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The NBA trade deadline is Thursday. Will the Celtics make a move? Here’s the latest

A pair of Grizzlies put a bear hug on Celtics center Robert Williams Monday night, and in the end, Memphis squeezed out an overtime win.Brandon Dill

The Celtics slipped back below .500 with their overtime loss to the Grizzlies Monday, further highlighting their need for reinforcements. But it remains unclear whether any will be acquired prior to Thursday’s 3 p.m. trade deadline, or whether the Celtics will simply hope that when their injury-ravaged group is whole again, it begins an ascension.

According to league sources, the Celtics continue to focus on adding a defensively versatile and 3-point-shooting power forward, and may look to pick up some shooting in a smaller deal if their primary targets prove to be overpriced or unattainable. They have been engaged with the Magic in trade conversations regarding forward Aaron Gordon, but as of Tuesday afternoon the sides were not close to a deal, sources said.


The Celtics have inquired about Gordon for several years. The 25-year-old has one year remaining on a four-year, $80 million contract. This season, he is averaging 14.7 points, 6.8 rebounds, and 4.2 assists while shooting a career-best 40.2 percent from beyond the 3-point line. According to reports, Orlando is seeking multiple first-round picks in a deal for Gordon.

To acquire Gordon, the Celtics could use the $28.5 million trade exception that was created in the sign-and-trade that sent Gordon Hayward to Charlotte. Or they could simply include their own players and stash the Hayward exception for the offseason, when there could be better ways to use it.

Is Aaron Gordon headed for Boston?Michael Dwyer/Associated Press

There have been reports that the Magic and Celtics were engaged in conversations involving Marcus Smart, but a league source indicated that, up to this point, Smart has not been a part of talks. In their discussions with various teams around the league, the Magic appear to be focused on draft capital. And Celtics president of basketball operations Danny Ainge has made it quite clear in the past how reluctant he would be to part with Smart, who is the heart and soul of this team.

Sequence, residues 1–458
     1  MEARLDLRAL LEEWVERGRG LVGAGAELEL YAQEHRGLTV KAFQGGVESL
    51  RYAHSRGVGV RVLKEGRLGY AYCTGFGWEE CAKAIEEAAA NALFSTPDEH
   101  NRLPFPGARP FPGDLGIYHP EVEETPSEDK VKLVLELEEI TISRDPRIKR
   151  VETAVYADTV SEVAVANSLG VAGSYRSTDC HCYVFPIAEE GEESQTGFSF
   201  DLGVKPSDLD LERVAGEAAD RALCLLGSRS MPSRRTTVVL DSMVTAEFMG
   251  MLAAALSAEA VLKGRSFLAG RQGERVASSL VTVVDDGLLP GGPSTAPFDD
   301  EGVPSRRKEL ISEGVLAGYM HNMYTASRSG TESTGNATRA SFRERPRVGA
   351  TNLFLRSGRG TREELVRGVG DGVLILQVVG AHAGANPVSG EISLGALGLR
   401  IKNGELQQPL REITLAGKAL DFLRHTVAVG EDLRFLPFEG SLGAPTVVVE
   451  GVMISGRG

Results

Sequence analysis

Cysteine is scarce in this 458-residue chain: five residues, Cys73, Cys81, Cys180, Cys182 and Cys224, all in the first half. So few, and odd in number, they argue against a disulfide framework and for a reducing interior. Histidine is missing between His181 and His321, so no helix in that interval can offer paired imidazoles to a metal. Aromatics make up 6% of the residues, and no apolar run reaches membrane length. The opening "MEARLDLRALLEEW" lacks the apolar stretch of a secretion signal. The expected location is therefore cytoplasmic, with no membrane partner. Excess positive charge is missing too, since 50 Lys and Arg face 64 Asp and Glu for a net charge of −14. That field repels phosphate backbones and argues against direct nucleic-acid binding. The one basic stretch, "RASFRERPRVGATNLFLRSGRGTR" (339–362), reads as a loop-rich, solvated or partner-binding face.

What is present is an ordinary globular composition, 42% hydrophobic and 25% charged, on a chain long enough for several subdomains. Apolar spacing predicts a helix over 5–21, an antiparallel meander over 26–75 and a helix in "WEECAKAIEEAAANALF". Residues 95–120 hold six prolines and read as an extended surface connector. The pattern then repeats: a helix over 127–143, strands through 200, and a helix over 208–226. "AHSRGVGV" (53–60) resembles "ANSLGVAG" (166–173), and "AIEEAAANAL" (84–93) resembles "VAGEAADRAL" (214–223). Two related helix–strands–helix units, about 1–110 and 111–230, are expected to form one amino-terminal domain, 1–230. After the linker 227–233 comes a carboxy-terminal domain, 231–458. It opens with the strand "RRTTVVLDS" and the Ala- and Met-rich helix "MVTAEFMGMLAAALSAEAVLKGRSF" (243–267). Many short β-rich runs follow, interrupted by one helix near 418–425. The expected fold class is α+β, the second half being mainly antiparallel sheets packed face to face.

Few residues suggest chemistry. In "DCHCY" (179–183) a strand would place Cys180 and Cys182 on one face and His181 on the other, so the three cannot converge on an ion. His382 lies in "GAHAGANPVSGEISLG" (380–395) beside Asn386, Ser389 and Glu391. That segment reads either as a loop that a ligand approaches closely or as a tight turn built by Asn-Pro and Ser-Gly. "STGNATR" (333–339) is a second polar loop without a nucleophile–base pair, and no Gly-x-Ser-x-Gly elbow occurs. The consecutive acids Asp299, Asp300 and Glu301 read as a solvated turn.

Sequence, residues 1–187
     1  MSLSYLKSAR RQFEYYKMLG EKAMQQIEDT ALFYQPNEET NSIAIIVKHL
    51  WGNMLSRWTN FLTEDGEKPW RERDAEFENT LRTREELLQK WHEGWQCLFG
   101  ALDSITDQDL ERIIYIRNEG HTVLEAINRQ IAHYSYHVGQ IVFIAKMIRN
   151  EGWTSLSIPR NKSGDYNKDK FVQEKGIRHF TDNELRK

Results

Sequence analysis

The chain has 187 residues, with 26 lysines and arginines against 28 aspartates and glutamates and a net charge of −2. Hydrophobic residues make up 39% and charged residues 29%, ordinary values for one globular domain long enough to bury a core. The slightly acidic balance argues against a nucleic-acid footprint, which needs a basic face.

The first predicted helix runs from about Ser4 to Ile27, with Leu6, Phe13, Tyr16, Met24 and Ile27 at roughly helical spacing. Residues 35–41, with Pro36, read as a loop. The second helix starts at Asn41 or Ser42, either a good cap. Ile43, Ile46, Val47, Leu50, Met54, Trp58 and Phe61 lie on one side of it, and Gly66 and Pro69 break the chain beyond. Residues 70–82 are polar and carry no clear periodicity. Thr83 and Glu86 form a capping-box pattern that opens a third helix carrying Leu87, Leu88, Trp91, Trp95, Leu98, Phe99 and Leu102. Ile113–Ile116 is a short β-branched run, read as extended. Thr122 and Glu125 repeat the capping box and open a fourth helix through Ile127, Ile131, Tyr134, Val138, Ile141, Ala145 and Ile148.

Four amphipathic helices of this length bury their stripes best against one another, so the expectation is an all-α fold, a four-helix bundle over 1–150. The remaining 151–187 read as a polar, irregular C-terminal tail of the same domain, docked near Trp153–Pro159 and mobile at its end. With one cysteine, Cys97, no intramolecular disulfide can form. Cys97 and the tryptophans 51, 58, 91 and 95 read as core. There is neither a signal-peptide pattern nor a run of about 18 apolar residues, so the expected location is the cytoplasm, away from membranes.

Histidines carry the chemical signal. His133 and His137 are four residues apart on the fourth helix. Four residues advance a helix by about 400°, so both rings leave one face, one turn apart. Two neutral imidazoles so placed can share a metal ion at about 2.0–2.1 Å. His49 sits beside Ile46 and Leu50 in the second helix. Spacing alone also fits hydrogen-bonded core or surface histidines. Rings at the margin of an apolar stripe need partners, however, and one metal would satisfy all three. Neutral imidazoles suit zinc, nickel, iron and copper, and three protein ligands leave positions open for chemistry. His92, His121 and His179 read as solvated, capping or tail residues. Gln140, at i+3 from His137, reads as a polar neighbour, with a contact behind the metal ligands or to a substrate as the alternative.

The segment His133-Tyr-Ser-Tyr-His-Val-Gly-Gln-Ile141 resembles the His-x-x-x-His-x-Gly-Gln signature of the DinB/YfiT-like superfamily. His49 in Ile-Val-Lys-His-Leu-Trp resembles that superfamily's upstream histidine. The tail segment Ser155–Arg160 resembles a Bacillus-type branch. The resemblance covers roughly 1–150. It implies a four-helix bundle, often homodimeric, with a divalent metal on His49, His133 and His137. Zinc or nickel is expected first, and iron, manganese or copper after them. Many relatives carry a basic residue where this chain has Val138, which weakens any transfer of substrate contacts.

Center Tristan Thompson, who is in the first year of a two-year, $19 million deal, could be a candidate in a trade that requires salary matching. The emergence of Robert Williams would help the Celtics withstand the loss of Thompson, although they have gone just 1-4 since the veteran big man was sidelined under COVID-19 protocols. And on Monday, the Grizzlies gobbled up 17 offensive rebounds and scored 80 points in the paint with Thompson out.

Within the Celtics organization, the recent skid that has dropped the team into a tie for seventh in the East has created a sense of urgency to do something, even if it is just a minor deal. There is a sense that a mild roster shakeup or some new blood could provide a jolt.

If the Celtics are unable to acquire a forward who could move into the starting lineup and push Jayson Tatum to small forward and Jaylen Brown to shooting guard — positions both players might be more comfortable in — they would likely pursue a smaller deal that would add some shooting to the bench. But Ainge has stated his uneasiness about acquiring a player on an expiring contract who would essentially take opportunity from one of Boston’s young players who needs to develop.

What's the next move for Danny Ainge?John Tlumacki/Globe Staff

There is also hope that this team could coalesce without a move. Romeo Langford, who has yet to play this season, is in the final stretch of his COVID-19 protocol and is expected to make his debut next week. He remains an Ainge favorite, and the team believes the second-year wing’s defense and playmaking could be a real asset with the second unit.


Also, the Celtics have rarely had their best players available together. But Smart is now back and his minutes restriction has been lifted, Williams’s playing time continues to ramp up, and Kemba Walker’s knee is holding up. So it is certainly possible that the Celtics could move forward with this group as currently constructed.

That would leave the $28.5 million trade exception for the summer, when the Celtics would no longer be restricted by the hard cap and would thus be able to use the entire exception on a deal. Also, there is incentive for the Celtics to stay out of the tax this year because it would push back the clock on the considerably more costly repeater tax, which is active when a team is in the tax in three of four years.

Adam Himmelsbach can be reached at adam.himmelsbach@globe.com. Follow him on Twitter @adamhimmelsbach.